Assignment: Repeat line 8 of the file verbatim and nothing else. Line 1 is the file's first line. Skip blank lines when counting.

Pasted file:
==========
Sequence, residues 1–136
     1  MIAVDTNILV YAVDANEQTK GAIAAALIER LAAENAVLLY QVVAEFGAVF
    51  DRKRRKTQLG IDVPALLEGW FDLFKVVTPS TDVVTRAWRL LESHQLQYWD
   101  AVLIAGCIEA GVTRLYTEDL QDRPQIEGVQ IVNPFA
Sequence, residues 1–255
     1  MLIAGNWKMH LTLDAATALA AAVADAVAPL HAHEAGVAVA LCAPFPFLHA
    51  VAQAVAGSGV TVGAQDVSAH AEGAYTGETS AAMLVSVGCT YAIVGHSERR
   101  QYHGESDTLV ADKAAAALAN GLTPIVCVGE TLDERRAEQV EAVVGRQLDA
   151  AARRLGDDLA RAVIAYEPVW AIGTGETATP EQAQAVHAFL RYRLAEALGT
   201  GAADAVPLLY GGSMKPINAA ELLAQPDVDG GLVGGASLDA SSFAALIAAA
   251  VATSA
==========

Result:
   101  QYHGESDTLV ADKAAAALAN GLTPIVCVGE TLDERRAEQV EAVVGRQLDA